BEIJING, China– The Chinese Ministry of Justice announced Wednesday in a statement on its website that all attorneys in China will from now on be required to swear an oath of allegiance to the Chinese Communist Party.
According to the statement, attorneys must take the oath within 3 months of receiving or renewing their certificate of practice.
The oath reads in part as follows: “I pledge to faithfully fulfill the sacred mission of a worker of the socialist system of laws with Chinese characteristics, be loyal to the homeland, loyal to the people, support the leadership of the Communist Party of China…”
The Justice Ministry statement explains that the purpose of the oath is improve the “political, moral and professional quality” of China’s attorneys.
However, the oath has come under heavy criticism from many of China’s leading human rights lawyers.
Human rights attorney Pu Zhiqiang told the Financial Times that the oath was potentially problematic in that many of the leaders of the Communist Party often break the law. Therefore, Pu reasoned that pledging loyalty to both the party and the law will in some cases create a conflict for Chinese attorneys.
According to another prominent human rights lawyer, Jiang Tianyong, the existence of such an oath in modern society is “ridiculous.” Jiang was detained for two months last year by the Chinese authorities for his work defending aids activists and advocates of religious freedom. He believes that the oath is out of tune with international norms and that it will likely interfere with lawyer’s duties to their clients.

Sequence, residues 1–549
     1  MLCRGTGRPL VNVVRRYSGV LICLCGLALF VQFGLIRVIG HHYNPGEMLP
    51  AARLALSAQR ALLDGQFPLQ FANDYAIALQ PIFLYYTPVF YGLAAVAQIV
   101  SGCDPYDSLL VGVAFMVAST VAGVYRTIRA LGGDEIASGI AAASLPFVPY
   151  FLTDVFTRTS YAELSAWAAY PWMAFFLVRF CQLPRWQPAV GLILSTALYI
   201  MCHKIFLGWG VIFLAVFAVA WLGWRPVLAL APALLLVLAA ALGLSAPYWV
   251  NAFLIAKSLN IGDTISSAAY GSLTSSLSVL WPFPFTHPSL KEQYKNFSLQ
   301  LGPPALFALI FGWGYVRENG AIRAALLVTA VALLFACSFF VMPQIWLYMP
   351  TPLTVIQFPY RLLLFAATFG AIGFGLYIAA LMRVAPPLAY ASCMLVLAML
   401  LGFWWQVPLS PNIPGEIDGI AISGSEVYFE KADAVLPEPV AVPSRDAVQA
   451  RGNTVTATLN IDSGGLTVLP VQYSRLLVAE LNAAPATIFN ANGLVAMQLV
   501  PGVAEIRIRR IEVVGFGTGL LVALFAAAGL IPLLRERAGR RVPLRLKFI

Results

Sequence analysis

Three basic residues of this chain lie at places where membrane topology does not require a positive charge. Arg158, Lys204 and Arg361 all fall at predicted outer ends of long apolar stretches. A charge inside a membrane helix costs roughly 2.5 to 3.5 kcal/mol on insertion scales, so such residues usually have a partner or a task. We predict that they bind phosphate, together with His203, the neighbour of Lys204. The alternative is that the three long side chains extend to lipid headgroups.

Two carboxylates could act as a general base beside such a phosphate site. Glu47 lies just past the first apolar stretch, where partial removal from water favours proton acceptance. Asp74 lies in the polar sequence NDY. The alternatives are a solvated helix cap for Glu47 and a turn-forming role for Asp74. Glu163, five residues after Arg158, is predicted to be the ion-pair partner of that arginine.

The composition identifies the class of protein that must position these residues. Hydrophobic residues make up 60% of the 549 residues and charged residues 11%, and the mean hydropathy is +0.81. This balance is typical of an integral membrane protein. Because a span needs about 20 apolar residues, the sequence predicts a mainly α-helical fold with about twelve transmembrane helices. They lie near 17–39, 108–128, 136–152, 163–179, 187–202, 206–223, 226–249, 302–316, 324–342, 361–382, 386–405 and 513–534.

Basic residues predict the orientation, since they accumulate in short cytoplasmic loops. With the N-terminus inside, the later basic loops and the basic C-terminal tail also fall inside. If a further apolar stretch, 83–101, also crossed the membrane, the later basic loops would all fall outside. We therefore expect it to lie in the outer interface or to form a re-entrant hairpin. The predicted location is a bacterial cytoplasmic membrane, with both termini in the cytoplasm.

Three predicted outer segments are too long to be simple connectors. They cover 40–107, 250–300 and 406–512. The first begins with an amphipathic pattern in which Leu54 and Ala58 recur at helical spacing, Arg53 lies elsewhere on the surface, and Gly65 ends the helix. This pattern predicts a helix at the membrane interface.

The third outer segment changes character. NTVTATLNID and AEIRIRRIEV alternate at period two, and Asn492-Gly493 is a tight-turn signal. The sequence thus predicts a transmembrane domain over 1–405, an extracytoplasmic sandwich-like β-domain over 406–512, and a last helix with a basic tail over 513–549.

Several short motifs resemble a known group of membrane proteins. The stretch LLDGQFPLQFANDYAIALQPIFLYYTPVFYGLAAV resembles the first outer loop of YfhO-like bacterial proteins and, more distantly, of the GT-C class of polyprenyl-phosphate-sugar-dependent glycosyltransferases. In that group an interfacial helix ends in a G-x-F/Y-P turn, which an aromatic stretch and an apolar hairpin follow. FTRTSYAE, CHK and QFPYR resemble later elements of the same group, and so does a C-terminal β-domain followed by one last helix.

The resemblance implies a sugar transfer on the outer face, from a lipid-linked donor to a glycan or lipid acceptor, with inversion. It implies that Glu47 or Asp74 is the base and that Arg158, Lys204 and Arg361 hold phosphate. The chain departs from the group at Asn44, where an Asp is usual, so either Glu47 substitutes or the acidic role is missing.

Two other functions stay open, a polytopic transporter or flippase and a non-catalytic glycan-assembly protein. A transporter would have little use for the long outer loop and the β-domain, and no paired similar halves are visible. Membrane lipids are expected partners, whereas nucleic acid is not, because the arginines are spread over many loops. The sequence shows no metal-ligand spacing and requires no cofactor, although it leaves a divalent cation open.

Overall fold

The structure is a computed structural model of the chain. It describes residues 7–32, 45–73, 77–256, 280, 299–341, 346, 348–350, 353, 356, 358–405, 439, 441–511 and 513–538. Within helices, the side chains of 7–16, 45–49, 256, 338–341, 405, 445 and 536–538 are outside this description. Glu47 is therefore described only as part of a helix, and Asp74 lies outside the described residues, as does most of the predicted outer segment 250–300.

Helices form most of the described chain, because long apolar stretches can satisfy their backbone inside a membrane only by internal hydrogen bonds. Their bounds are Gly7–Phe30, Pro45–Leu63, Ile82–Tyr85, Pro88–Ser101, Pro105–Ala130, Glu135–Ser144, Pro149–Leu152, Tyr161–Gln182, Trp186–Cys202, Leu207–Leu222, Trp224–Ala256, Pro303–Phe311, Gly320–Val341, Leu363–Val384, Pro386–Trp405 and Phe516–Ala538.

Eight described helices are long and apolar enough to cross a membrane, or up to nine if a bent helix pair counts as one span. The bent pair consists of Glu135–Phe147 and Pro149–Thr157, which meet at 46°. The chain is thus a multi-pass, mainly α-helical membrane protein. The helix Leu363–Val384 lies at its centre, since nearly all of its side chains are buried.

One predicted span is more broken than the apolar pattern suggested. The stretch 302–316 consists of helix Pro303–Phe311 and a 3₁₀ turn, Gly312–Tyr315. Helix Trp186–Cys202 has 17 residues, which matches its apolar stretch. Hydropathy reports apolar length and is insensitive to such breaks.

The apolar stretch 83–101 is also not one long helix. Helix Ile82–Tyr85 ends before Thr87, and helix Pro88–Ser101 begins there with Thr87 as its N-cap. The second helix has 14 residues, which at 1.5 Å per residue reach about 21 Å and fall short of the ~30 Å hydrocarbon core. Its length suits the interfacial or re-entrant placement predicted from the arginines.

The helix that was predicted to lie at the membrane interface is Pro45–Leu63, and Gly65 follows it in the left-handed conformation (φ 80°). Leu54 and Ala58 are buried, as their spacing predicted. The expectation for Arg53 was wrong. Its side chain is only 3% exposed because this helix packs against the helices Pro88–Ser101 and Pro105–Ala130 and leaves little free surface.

The new oath, which is the first of its kind for Chinese attorneys, has widely been decried as just another tool for restricting human rights lawyers. However, according to China’s official Xinhua News Agency the Chinese authorities have repeatedly hinted at the likelihood that such an oath would be implemented at some point in time. In 2000, the All China Lawyers Association (ACLA), an organization which carries out professional administration of all lawyers in China, proposed the adoption of a similar oath. However, the ACLA’s proposal never came to fruition. In September 2010, the Central Committee of the Chinese Communist Party and the State Council both suggested that loyalty oaths would be important to “improving lawyers’ integrity.”
Efforts by Chinese lawmakers to “modernize” the Chinese legal system often come under criticism for taking one step forward and two steps back as national security concerns and the desire to maintain the hegemony of the Communist Party often undermine the rule of law.
In recent years, the Chinese Government has worked hard to encourage the development of modern Chinese business law.
However, civil liberties, human rights and other politically sensitive subjects are not protected by law in China. Lawyers who represent clients in these matters often face harassment, jail time, lose their licenses or are “disappeared.” Some prominent human rights attorneys and activists have also allegedly been tortured by the Chinese authorities.
The loyalty oath comes against the background of increasing repression of lawyers and activists as part of an attempt by China’s expansive security apparatus to prevent Arab Spring-inspired protests in the run-up to this year’s transfer of political power to a younger generation of Communist Party leaders. The Chinese Government has also drastically increased spending on its police, militia and other security forces to an announced $111 billion for 2012. This amount surpasses China’s official military budget, which is steadily rising and is second only to that of the United States.